Sunday, October 30, 2011

Hospital Stay, Part 2

On Saturday I got a visit from one of the stoma nurses. She switched me out from the surgery bag (which I jokingly call an oven bag because they look an awful lot like those bags you bake a turkey in!) to their regular post-op bag. When you get a loop ileostomy, there is a rod underneath the loop of intestine which helps keep it in place so the base around the stoma can heal, etc. It can be challenging to put a bag on with this rod in place. I didn't have any trouble after my first surgery, but I sure did with this one! Within a few hours, I noticed it was leaking badly when I got up to go to the bathroom. I was very upset because output was getting all over my incision, including the open wound where they had removed the drain from my abdomen. (side note: removal of that drain was one of the things I was most afraid of coming out of surgery. Turns out, it wasn't that bad. The feeling is sort if intense and it feels like they are pulling something out from way, way inside your body, but it wasn't overly painful.). My nurse was very reassuring and she cleaned the wound and incision and got another pouch on me. Less than two hours later, I tried to sit up to go to the bathroom and half the wafer just fell off my stomach. More output everywhere, including pouring into my wounds. I completely lost my cool and just started crying. They couldn't get a better seal because of the rod, but the rod couldn't come out until Sunday. It was this horrible catch 22.

I still had the same nurse and she was so good to me through all of this. We came up with a plan and she put the new pouch on with an insane amount of paste. We decided that I would call for someone to empty the ostomy bag before I tried to get out of bed to go pee. Also, she arranged it so someone would come check the pouch at least every two hours through the night. Our thinking was if we could keep weight off of the seal, maybe it would hold up better. It was a long night! It felt strange to call for help with emptying when I'd had an ostomy for so long and should have been able to do it myself. I can't say enough about the patient care staff at Cleveland Clinic though....they were all incredibly gracious and never made me feel bad about anything. We somehow made it through the night without any further leaks.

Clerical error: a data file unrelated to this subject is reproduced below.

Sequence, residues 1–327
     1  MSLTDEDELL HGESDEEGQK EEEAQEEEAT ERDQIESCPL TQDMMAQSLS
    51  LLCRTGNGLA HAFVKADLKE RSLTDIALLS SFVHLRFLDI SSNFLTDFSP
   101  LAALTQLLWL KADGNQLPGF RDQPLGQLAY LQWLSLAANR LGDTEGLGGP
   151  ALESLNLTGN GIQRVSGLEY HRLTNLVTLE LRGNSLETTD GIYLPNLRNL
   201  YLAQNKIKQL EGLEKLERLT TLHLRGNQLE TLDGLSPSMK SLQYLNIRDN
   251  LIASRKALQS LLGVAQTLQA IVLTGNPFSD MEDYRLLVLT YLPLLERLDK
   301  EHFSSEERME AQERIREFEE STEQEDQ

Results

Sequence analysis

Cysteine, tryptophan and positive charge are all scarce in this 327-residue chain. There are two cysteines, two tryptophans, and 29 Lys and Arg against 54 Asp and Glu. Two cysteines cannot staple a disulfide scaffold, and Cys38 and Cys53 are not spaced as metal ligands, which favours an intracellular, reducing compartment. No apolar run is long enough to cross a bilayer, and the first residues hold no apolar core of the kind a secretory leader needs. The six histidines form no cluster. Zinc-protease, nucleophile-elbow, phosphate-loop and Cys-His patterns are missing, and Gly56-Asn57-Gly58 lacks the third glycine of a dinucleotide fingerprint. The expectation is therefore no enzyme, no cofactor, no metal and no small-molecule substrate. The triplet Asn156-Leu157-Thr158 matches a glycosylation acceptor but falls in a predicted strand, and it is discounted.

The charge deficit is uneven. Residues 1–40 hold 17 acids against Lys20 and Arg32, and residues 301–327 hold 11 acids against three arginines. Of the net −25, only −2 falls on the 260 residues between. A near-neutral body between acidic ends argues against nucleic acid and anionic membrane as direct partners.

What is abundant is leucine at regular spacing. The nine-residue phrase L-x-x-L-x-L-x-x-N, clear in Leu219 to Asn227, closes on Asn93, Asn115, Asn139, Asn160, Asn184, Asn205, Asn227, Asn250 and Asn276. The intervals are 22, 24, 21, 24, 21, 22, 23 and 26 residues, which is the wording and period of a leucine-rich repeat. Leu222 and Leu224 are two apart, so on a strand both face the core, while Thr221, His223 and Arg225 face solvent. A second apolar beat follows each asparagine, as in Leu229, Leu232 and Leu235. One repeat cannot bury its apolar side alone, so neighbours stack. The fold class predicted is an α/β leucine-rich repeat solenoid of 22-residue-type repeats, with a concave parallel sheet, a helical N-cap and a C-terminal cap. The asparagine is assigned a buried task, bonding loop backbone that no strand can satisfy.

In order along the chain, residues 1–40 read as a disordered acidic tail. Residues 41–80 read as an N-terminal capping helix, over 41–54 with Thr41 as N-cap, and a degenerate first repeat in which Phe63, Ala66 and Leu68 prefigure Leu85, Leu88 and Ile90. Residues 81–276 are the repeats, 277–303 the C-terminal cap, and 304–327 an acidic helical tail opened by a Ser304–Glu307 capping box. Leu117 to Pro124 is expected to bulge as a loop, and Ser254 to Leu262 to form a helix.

When the stoma nurse came Sunday morning, we had a whole different problem. She had a hell of a time getting all of the paste off so she could remove the rod and clean the skin around the stoma to prep for a new bag. The whole process was making me very anxious, so I called for some Valium which helped immensely. Eventually she got things to where they needed to be and there were no more leaks or issues for the rest of my stay.

One item of note from this visit: I had a much better idea of how to approach the transition to food and make it successful after my struggles following the first surgery. I started with much smaller portions and made sure I walked following each meal. Because of this, I was able to avoid any pain or nausea as I switched back to soft foods. The rest of my stay was pretty uneventful. My veins were horrible so the nightly poke for labs was a trial. I kept running low on potassium and magnesium so I was getting supplements via IV fluid. Things were otherwise pretty ho hum except for my bat shit crazy roommate! She was an older lady and I don't know if she was just an evil horrible person or had dementia or some combination of the two. She refused to take any kind if pain pills and then laid in bed moaning and complaining about being in pain. She finally insisted they bring her a new bed as she was convinced hers was bad and that was why she was in pain. She would wait until midnight and then flip on all the lights on her side of the room, start calling the nurses, and then berating them for things when they came to the room. It was crazy! She was released a day or so before me and I was never so glad to see a person go in my life!

Really, this recovery has been much easier than I expected. It helps that my incision is much smaller, but I think part of it is just that my body is already used to the ileostomy so it's been a smaller adjustment than last time. Plus I went in fit and healthy this time instead of all bedraggled from UC flares. The main problem I am having is some dissatisfaction with the new stoma. The opening is at the bottom, which isn't a huge deal. The real problem is that then opening seems to have pulled below the surface of my skin. I can't see any kind of hole anywhere on the stoma, even using a mirror to get a close look at the underside. The output comes from this crease in between the stoma and my skin, so it basically outputs right onto my skin. Keeping a pouch on has been a nightmare. I did changes on Friday that lasted 5 and 18 hours respectively. The pouch I have on right now has been on for about 27 hours, so hopefully it will keep working for a few days. Leaks suck! They make you feel helpless and kind of like you're in prison or something because it gets scary to leave the house not knowing if you'll have a problem. I plan to call Dr. L's nurse Monday to talk about this terrible stoma. I want to know why he made it this way and if there is anything to be done about it. It's kind of hard to think about because I can't decide if it's worth it to potentially go through a revision. Another surgery sounds awful, but so does three months of not being able to keep a seal on a pouch. Sigh.

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